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Full Course
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Provider:
Yale University
Provider Set:
Open Yale Courses
Author:
Paul H. Freedman
African American History: From Emancipation to the Present
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The purpose of this course is to examine the African American experience ...

The purpose of this course is to examine the African American experience in the United States from 1863 to the present. Prominent themes include the end of the Civil War and the beginning of Reconstruction; African Americans' urbanization experiences; the development of the modern civil rights movement and its aftermath; and the thought and leadership of Booker T. Washington, Ida B. Wells-Barnett, W.E.B. Du Bois, Marcus Garvey, Martin Luther King Jr., and Malcolm X. WARNING: Some of the lectures in this course contain graphic content and/or adult language that some users may find disturbing.

Subject:
Arts and Humanities
U.S. History
Material Type:
Lecture
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Provider:
Yale University
Provider Set:
Open Yale Courses
Author:
Jonathan Holloway
The American Revolution
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The American Revolution entailed some remarkable transformations -- converting British colonists into ...

The American Revolution entailed some remarkable transformations -- converting British colonists into American revolutionaries, and a cluster of colonies into a confederation of states with a common cause -- but it was far more complex and enduring then the fighting of a war. As John Adams put it, "The Revolution was in the Minds of the people . . . before a drop of blood was drawn at Lexington" -- and it continued long past America's victory at Yorktown. This course will examine the Revolution from this broad perspective, tracing the participants' shifting sense of themselves as British subjects, colonial settlers, revolutionaries, and Americans.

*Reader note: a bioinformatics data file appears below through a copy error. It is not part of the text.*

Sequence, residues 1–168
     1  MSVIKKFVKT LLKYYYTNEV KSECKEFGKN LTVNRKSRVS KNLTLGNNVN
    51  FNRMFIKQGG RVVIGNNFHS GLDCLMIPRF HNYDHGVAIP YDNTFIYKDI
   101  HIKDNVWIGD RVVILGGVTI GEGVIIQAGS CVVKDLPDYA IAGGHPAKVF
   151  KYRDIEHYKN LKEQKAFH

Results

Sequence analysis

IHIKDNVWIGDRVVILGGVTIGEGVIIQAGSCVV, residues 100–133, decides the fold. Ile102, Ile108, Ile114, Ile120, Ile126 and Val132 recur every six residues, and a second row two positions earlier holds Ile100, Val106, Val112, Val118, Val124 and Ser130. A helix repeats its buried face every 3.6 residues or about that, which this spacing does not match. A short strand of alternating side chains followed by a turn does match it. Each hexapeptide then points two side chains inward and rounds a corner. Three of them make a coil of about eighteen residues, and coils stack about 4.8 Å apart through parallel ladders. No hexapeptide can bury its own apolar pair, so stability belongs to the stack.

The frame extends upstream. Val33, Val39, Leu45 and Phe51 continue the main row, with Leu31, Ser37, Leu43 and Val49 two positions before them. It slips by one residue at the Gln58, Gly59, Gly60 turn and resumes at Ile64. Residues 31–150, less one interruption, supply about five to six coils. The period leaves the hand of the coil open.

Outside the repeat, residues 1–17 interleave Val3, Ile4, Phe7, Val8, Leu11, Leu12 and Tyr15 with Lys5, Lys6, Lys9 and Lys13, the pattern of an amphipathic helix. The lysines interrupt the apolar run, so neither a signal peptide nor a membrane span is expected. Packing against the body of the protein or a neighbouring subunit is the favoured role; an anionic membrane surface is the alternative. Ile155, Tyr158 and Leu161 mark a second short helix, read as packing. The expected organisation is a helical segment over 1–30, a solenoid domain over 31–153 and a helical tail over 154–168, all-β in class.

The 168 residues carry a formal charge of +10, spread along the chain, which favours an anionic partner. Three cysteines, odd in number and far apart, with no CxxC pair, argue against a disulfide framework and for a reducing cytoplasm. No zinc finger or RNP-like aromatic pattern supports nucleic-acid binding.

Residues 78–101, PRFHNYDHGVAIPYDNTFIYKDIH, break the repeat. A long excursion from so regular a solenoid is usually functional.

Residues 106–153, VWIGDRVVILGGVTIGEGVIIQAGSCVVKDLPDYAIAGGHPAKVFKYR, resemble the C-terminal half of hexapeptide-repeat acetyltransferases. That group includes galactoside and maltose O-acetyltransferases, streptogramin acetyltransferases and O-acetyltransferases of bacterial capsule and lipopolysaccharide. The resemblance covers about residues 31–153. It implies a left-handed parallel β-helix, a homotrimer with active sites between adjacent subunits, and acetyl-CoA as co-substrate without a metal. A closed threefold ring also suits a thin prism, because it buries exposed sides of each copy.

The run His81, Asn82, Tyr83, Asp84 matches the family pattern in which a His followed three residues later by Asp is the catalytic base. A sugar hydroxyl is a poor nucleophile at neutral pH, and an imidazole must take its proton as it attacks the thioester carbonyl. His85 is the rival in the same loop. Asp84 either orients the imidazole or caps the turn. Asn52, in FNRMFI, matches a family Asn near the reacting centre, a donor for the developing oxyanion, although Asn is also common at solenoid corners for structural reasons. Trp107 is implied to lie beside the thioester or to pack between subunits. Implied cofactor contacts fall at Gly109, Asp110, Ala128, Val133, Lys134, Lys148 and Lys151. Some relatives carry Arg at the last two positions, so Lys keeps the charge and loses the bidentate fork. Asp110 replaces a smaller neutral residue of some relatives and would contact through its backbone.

Subject:
Arts and Humanities
Material Type:
Lecture
Reading
Syllabus
Provider:
Yale University
Provider Set:
Open Yale Courses
Author:
Joanne B. Freeman
The Atmosphere, the Ocean, and Environmental Change
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This course explores the physical processes that control Earth's atmosphere, ocean, and ...

This course explores the physical processes that control Earth's atmosphere, ocean, and climate. Quantitative methods for constructing mass and energy budgets. Topics include clouds, rain, severe storms, regional climate, the ozone layer, air pollution, ocean currents and productivity, the seasons, El Ni–o, the history of Earth's climate, global warming, energy, and water resources.

Subject:
Atmospheric Science
Material Type:
Full Course
Provider:
Yale University
Provider Set:
Open Yale Courses
Author:
Ronald B. Smith
Capitalism: Success, Crisis and Reform
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In this course, we will seek to interpret capitalism using ideas from ...

In this course, we will seek to interpret capitalism using ideas from biological evolution: firms pursuing varied strategies and facing extinction when those strategies fail are analogous to organisms struggling for survival in nature. For this reason, it is less concerned with ultimate judgment of capitalism than with the ways it can be shaped to fit our more specific objectives Š—– for the natural environment, public health, alleviation of poverty, and development of human potential in every child. Each book we read will be explicitly or implicitly an argument about good and bad consequences of capitalism.